Alex Salmond reported to cops over allegations of sexual assault

The former first minister has denied the allegations and launched legal proceedings.
Alex Salmond has been reported to police over allegations he sexually assaulted two staff members whilst First Minister.
The former SNP leader has been accused of carrying out the attacks in the First Minister’s official Edinburgh residence in December 2013.
The allegations - which will send reverberations through the political world - were passed to the police by Scottish Government officials after an internal probe.
The Scottish Government tonight said they could not comment on the allegations.
A spokeswoman said: “For legal reasons, we are currently unable to comment.”
A Police Scotland spokesman added: “Police Scotland is not going to comment on whether an inquiry is ongoing.”
Salmond issued a denial of the allegations last night and revealed he has been engaged in legal action against the Government.
He said: “For many months now, and on the advice of Senior Counsel, I have attempted to persuade the Permanent Secretary to the Scottish Government that she is behaving unlawfully in the application of a complaints procedure, introduced by her more than three years after I left office.
"This is a procedure so unjust that even now I have not been allowed to see and therefore to properly challenge the case against me. I have not been allowed to see the evidence.
“I have tried everything, including offers of conciliation, mediation and legal arbitration to resolve these matters both properly and amicably."This would have been in everybody’s interests, particularly those of the two complainants. All of these efforts have been rejected.
“The Permanent Secretary chose to deny me contact with any current civil servant, many of whom wished to give evidence on my behalf and access to documentation to allow me to properly challenge the complaints, all of which I refute and some of which were patently ridiculous.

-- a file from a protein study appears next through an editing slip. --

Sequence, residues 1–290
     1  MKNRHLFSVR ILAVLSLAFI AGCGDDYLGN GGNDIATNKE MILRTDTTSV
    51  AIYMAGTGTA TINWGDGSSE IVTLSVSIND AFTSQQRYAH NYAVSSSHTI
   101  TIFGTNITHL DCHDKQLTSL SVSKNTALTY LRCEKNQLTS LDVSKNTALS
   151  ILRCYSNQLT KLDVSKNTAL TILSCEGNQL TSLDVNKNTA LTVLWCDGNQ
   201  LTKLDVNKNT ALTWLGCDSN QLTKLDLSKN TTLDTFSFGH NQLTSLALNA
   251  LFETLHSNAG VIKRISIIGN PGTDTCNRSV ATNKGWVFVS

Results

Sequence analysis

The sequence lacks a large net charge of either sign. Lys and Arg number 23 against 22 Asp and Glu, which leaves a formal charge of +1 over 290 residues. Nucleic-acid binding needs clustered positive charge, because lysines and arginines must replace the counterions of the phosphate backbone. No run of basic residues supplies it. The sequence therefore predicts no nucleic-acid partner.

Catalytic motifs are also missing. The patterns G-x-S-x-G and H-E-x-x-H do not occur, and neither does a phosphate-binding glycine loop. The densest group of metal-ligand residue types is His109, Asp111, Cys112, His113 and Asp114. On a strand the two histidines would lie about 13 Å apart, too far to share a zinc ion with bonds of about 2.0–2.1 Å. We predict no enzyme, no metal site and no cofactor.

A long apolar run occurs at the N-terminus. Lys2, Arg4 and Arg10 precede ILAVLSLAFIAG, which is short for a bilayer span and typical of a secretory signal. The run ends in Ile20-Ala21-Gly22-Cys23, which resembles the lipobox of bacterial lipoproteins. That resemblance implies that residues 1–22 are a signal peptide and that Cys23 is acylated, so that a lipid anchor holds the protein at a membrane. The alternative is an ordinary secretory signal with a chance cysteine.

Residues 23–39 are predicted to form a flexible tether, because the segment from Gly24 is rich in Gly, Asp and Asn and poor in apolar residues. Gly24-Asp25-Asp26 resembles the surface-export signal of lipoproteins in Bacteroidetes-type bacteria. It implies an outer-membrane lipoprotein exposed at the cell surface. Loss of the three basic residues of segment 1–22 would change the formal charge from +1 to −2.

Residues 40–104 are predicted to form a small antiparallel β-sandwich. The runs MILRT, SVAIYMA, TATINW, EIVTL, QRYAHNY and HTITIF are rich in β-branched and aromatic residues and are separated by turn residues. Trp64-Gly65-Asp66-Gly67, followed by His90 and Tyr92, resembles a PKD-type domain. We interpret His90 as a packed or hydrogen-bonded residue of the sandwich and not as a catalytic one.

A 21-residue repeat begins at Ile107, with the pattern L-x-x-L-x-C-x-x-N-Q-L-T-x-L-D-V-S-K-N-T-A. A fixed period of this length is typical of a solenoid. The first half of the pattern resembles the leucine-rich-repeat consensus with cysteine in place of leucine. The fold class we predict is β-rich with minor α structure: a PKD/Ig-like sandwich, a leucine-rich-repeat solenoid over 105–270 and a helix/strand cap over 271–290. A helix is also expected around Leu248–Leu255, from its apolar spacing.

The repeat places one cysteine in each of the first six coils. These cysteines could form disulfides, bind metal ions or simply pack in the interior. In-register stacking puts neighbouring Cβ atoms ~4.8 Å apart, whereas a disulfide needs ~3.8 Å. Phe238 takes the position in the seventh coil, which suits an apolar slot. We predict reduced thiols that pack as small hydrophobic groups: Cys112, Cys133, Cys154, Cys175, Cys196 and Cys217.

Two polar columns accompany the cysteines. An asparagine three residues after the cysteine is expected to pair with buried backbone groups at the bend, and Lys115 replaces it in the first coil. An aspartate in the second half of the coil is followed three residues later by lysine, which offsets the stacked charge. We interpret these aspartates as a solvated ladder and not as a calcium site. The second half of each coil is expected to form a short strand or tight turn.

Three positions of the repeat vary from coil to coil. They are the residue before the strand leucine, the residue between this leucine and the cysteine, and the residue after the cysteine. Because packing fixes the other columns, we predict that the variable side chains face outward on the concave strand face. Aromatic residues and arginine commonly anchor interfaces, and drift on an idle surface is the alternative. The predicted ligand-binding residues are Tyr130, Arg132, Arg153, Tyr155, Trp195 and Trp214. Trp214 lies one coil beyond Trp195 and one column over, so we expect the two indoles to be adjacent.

"The procedure as put into operation by the Permanent Secretary is grossly unfair and therefore inevitably will lead to prejudicial outcomes.
“It is therefore with great reluctance that I have today launched a Judicial Review in the Court of Session which will decide the issue of the lawfulness of the procedure which has been used against me.
"If I lose then I will have to answer to the complaints both comprehensively and publicly.
"Until then I am bound to say nothing which would impinge on the Court proceedings.
"In our submissions on Judicial Review we have asked that the complainants’ identity be protected.
“If the Court of Session finds in my favour then the administration at the senior levels of the Scottish Government will have the most serious questions to answer.
"In my opinion and for whatever reason the Permanent Secretary has decided to mount a process against me using an unlawful procedure which she herself introduced.
"I will let a real court decide whether it was lawful for her to do so.”

Bute House, an A-listed Bute House in Edinburgh’s Charlotte Square is owned by the National Trust for Scotland and is the equivalent of 10 Downing Street for Scotland’s First Minister.
It hosts cabinet meetings and other official business as well as late night functions for entertaining guests and other dignitaries.The Georgian property also has living quarters for the use of the First Minister when in Edinburgh.
Salmond resigned as First Minister in the wake of defeat in the independence referendum in September 2014 and was replaced by Nicola Sturgeon.
He had served in the role since the SNP’s first Holyrood election victory in May 2007.